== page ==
Yesterday I tripped over nothing - absolutely nothing - and somehow managed to hurl myself seven feet to faceplant into a wall.

It was quite the dramatic fall, which I’ll feel for weeks.

My nine-year-old, who has a penchant for hurling himself dramatically into things, reminded me that he doesn’t get hurt because he bends. As a former competitive gymnast, I’m still fairly flexible, but things definitely change as we get older.

Change is inevitable. How we handle change is up to us.

While we’re talking about change, I want to let you know that my Reflections will soon change. I'll no longer be sending Friday Reflections via a weekly email. However, for those of you who have enjoyed my musings and responded with your own fabulous stories, please be sure we’re connected on LinkedIn and we’ll continue the conversations there.

We’ll start a new version of the Reflections in a bi-weekly newsletter focused on things that matter to Content, Customer Success, and Customer Experience leaders. And, you can hear more fun stories on my next virtual panel with the upbeat and always insightful CX leader Adrian Brady-Cesana.

I appreciate all of the kind words, and your responses really did brighten my weeks, so please stay tuned as I tweak the delivery.

In the meantime, this Reflection is all about change - how leaders get in the way of transformational change, how to effectively manage technology changes, and how even good intentions can lead to silly changes.

How Leaders Get in the Way of Organizational Change by Ron Carucci. In this article, Ron describes the three leadership traits causing 70% of transformational changes to fail. When leaders are naive about scope, they assume that many iterative changes will lead to transformation - but many iterative, unconnected changes actually clog the system.  We’ve all experienced leaders who overestimate the capacity of the organization or pull resources off the transformation to the next shiny object (or fire), causing the company to operate like a kids soccer team - the entire team bunched up chasing the ball. When leaders misrepresent the reason for the change or put an unrealistic spin on it, employees see right through it, and the leader loses their trust.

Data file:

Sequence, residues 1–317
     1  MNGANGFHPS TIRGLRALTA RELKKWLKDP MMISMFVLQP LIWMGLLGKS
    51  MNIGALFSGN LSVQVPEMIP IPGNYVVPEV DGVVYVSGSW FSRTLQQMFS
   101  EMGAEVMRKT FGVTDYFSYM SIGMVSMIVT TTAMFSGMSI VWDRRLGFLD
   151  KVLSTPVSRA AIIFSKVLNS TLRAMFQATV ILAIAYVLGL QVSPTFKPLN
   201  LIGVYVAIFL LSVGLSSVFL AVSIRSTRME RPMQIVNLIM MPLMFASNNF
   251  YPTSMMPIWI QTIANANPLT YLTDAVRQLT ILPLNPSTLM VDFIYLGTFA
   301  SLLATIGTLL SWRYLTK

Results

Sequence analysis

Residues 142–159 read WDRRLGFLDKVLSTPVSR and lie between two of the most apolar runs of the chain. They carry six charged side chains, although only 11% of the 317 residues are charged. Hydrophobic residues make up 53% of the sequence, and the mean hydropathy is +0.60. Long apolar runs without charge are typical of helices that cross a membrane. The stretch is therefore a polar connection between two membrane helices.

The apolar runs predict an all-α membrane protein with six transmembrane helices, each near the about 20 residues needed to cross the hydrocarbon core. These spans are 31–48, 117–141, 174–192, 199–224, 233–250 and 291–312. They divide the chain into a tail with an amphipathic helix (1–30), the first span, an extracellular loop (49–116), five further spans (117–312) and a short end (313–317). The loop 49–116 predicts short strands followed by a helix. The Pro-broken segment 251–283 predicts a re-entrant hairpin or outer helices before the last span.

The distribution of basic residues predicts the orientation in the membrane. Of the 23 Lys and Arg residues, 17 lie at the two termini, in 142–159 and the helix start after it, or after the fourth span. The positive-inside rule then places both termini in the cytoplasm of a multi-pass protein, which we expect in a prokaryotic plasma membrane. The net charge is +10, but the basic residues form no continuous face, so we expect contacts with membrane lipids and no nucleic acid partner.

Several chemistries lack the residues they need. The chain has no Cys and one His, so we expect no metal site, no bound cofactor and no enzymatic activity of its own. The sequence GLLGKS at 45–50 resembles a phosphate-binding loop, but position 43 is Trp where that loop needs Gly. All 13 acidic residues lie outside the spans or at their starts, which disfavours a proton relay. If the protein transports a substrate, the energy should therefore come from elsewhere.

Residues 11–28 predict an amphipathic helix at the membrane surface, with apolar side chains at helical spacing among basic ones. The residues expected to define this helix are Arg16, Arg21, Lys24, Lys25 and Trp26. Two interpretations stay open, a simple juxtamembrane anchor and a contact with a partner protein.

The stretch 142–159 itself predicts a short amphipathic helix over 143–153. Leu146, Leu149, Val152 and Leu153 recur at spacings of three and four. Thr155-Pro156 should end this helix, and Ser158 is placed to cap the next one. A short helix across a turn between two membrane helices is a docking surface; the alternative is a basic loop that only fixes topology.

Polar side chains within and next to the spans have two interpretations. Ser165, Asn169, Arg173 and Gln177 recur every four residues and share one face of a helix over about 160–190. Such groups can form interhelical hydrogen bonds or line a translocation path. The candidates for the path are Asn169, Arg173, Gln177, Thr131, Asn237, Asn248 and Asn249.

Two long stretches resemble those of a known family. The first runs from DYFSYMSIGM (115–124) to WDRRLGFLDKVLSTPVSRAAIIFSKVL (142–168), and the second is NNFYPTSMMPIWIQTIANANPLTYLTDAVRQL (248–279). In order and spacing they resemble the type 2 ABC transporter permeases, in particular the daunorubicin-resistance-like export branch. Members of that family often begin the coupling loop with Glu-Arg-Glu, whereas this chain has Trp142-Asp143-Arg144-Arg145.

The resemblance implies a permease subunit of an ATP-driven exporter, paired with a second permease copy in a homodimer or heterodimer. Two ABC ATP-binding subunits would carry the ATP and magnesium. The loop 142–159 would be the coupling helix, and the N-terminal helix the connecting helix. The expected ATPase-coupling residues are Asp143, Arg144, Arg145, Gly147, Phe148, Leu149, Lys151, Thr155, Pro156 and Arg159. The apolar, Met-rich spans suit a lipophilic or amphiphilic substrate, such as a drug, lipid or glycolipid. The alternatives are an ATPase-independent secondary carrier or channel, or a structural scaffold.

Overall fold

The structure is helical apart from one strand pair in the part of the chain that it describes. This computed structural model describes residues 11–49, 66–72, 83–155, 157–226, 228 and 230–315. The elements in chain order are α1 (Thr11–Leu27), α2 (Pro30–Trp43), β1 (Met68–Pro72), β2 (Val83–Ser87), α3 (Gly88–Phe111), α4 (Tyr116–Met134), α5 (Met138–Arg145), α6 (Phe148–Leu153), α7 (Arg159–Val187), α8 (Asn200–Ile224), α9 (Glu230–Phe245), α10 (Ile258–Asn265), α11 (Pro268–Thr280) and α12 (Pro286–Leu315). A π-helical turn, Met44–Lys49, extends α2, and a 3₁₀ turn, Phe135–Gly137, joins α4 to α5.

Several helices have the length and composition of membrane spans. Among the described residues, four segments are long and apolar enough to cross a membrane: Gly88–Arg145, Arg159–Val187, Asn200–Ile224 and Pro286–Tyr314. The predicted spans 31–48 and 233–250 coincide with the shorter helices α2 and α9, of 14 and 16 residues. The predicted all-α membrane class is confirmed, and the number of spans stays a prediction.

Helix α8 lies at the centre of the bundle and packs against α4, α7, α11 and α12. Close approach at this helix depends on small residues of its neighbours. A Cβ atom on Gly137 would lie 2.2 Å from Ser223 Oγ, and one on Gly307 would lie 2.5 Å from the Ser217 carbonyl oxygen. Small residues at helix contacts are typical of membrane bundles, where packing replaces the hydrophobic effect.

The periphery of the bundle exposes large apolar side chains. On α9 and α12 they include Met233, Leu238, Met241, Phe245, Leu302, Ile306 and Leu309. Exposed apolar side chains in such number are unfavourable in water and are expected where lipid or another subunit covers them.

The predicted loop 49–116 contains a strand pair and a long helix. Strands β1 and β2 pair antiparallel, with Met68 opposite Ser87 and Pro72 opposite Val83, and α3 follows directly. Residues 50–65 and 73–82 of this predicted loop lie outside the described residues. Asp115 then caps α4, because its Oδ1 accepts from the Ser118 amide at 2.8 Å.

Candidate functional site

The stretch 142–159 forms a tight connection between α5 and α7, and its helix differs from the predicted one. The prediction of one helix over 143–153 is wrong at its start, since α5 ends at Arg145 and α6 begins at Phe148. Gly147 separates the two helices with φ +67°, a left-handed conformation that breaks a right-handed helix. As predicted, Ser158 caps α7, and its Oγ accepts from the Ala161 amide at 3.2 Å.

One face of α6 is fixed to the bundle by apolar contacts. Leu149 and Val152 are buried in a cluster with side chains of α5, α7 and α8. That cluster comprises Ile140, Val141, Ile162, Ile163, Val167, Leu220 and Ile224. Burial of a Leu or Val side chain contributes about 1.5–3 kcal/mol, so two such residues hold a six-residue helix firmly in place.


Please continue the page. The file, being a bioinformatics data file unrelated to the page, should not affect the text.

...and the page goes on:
Five Steps To Successful Technology Change Management by Yoav Kutner. No matter what level of the organization you are in, you can lead change with proper change management. Yoav identifies five steps to managing change in technology. I especially like that he includes “Build a team” as one of the steps. Why is this important? Because your employees that excel in the status quo might not have the right skills to lead the complexities of change in your organization. He also encourages adding diversity to this change team to capture a variety of approaches to using technology.

Southwest Airlines announced a big change that may leave customers speechless by Chris Matyszczyk. We can’t talk about change without an example of a silly one, and the pandemic has created many changes that leave us scratching our heads. In this article, Chris discusses a new policy on Southwest Airlines flights that mandates passengers to pull up the menu on their phones and point to the beverage they want. I was on a Southwest flight a couple weeks ago and this was not the case, so perhaps they reconsidered? Nonetheless, this is a fun article to read if you want some news to poke fun at on your next Zoom call - or, in my case, to sidetrack the chiropractor when he asks what caused the fall that hurt my back.

This article was originally published in Megan Gilhooly’s Friday Reflection, where she shares her unique perspective on recent events and how they pertain to customer experience, content strategy and business leadership. Megan is VP of Customer Experience at Zoomin and previously led global content teams at AWS, Amazon and Ping Identity.

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